King’s Fund calls for streamlined NHS performance measurement

13 Oct 15

The number of national bodies involved in assessing the performance of the NHS is resulting in “duplication and unnecessary complexity”, the King’s Fund has warned.

In its report, Measuring the performance of local health systems, which was commissioned by the Department of Health, the think-tank called for a “radical simplification” and alignment in the way the NHS performance is assessed.

To achieve this, it said the three existing national outcomes framework – the NHS Outcomes Framework, the Adult Social Care and Public Health Outcomes Frameworks – should be consolidated in to a single structure covering these sectors.

It also recommended that the different public-facing websites should be rationalised to help with an integrated view of services in an area.

Chris Ham, the chief executive of the King’s Fund said: “We strongly support the secretary of state’s commitment to promoting intelligent transparency in the NHS. This demands careful attention to how performance indicators are selected and presented if it is to achieve its desired results.

“Done well, performance assessment can help to strengthen accountability to patients and the public, as well as to support commissioners and providers to improve care. A radical simplification and alignment of the current frameworks and better presentation would do this.”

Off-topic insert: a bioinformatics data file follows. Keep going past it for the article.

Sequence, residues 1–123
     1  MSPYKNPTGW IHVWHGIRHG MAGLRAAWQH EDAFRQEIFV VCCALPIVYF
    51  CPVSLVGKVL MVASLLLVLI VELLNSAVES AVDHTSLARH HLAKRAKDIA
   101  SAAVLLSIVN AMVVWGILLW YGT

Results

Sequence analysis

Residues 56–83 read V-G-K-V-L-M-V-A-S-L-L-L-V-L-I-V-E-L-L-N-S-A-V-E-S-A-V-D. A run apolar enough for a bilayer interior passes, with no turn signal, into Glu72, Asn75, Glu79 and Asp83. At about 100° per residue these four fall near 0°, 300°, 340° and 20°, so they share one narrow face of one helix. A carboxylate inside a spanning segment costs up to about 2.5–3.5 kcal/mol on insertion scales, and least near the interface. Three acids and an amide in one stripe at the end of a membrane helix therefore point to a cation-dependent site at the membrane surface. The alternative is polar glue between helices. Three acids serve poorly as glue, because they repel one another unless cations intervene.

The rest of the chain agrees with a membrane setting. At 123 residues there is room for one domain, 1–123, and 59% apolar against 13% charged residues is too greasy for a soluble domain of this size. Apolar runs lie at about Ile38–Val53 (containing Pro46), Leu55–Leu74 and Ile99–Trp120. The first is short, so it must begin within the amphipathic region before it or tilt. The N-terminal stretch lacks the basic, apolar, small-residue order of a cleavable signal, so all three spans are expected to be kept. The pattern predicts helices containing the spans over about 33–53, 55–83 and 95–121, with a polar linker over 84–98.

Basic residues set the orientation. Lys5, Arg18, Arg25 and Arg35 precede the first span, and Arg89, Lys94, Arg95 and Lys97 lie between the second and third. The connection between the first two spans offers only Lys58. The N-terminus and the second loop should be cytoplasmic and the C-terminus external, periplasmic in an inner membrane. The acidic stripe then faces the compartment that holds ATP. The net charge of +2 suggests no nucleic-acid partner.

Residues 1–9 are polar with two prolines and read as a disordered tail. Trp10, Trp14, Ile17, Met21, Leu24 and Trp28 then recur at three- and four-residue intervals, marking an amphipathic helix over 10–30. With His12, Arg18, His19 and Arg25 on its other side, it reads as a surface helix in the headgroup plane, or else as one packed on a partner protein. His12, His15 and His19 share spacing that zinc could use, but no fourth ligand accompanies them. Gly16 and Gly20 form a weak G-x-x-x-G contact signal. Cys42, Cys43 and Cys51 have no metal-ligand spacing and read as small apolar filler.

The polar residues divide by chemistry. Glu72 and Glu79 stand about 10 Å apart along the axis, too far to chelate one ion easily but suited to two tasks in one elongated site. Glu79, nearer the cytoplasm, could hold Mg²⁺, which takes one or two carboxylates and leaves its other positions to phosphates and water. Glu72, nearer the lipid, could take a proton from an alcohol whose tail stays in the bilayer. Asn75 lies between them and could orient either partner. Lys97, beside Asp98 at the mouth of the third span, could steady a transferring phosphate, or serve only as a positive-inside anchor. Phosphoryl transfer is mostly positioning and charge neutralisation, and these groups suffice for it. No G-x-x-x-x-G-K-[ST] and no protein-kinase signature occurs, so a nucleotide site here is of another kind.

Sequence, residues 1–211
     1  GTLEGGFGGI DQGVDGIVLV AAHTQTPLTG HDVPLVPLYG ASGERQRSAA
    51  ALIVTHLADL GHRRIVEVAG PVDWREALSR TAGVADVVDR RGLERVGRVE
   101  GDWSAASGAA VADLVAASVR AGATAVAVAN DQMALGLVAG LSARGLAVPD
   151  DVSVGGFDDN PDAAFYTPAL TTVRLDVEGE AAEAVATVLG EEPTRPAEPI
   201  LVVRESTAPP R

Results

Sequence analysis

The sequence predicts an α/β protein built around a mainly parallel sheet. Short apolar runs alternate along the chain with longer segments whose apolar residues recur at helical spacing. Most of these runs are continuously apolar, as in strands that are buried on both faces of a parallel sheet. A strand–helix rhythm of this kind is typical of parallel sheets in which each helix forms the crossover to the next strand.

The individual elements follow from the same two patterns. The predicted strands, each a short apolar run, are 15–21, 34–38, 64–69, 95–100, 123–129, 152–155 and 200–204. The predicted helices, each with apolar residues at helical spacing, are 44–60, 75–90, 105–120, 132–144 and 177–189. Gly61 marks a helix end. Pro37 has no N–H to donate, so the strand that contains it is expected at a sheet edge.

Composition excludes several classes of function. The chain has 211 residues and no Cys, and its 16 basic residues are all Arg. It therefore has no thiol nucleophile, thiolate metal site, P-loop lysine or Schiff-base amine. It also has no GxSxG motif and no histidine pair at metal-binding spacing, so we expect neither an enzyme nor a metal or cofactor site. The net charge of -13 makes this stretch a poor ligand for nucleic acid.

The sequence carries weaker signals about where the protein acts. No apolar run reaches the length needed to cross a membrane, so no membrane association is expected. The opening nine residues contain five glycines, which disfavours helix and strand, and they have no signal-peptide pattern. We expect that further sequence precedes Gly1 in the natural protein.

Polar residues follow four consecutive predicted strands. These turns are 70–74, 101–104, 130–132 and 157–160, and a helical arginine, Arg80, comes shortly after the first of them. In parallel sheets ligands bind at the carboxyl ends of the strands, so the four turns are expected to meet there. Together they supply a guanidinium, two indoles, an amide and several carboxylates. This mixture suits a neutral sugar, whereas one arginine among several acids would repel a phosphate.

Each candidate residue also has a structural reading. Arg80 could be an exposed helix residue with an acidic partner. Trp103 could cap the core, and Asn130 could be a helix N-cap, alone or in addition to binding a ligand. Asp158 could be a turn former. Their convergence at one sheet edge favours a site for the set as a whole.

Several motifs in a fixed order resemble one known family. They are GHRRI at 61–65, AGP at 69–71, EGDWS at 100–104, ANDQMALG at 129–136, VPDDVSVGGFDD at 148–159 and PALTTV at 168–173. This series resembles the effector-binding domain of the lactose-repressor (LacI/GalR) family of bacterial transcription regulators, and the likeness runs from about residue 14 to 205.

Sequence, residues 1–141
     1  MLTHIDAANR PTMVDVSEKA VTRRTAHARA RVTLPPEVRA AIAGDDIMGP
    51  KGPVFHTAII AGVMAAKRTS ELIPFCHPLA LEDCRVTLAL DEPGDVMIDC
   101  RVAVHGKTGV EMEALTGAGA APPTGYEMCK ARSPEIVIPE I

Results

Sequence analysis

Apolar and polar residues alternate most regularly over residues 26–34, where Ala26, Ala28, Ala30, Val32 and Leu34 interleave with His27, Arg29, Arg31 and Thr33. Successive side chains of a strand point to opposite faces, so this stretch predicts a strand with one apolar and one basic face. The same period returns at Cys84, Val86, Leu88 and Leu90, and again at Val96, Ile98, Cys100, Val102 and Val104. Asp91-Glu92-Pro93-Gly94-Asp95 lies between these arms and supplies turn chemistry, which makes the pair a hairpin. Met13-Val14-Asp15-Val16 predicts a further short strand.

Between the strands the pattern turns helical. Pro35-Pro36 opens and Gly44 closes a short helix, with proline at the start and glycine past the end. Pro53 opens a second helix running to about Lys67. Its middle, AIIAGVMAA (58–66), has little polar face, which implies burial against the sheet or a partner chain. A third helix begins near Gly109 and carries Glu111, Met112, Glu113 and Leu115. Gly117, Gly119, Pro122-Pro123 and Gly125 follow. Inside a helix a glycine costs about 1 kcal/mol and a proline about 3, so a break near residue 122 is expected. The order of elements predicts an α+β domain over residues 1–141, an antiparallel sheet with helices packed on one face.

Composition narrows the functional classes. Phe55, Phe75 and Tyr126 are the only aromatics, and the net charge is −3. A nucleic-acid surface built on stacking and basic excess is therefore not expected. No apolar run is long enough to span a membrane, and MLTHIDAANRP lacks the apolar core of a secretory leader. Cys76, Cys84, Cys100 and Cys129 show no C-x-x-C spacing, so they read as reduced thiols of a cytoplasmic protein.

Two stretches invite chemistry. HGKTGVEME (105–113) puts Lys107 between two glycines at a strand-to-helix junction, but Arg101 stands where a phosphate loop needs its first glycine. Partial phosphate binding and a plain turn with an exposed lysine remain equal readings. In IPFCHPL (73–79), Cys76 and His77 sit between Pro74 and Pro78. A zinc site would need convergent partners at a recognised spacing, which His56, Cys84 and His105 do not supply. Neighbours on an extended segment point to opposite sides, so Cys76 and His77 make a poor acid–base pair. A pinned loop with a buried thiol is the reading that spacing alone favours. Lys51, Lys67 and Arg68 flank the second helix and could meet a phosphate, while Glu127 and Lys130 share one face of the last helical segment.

According to the fund, information should be made available at three levels of detail.

A small set of headline indicators should be selected to enable the public to assess how the local health system is performing, with a broader group of indicators should be developed based on existing frameworks, it added.

The final level would include a more detailed set of indicators that provides a comprehensive picture of local health system performance for commissioners and providers to assess the quality and effectiveness of local services and identify areas for improvement.

The report also considered the case for publishing an aggregate score that would provide an overall rating on the effectiveness of provision in CCG areas.

However, the think-tank said it would not recommend the use of this. It concluded that an aggregate score could mask good or poor performance on individual indicators and therefore would not be a meaningful picture of performance.

Instead, it recommended that the data should be made freely available to support the improvement in care by commissioners and providers.

Responding to the report, a DoH spokeswoman said: “We are determined to make our NHS the safest healthcare system in the world. Improving transparency and using data are key to achieving this and we are pleased to see both the Kings Fund and the Health Foundation endorse this approach.”

It added that it would be bringing together available indicators in one place, to provide a single portal for the public to find out about health performance in their area.

  • Judith Ugwumadu

    Judith Ugwumadu joined Public Finance International and Public Finance online as a reporter after stints at Financial Adviser, Global Security Finance and The Sunday Express. Currently, she writes about public finance, public services and economics.

    Follow her on @JudithUgwumadu_

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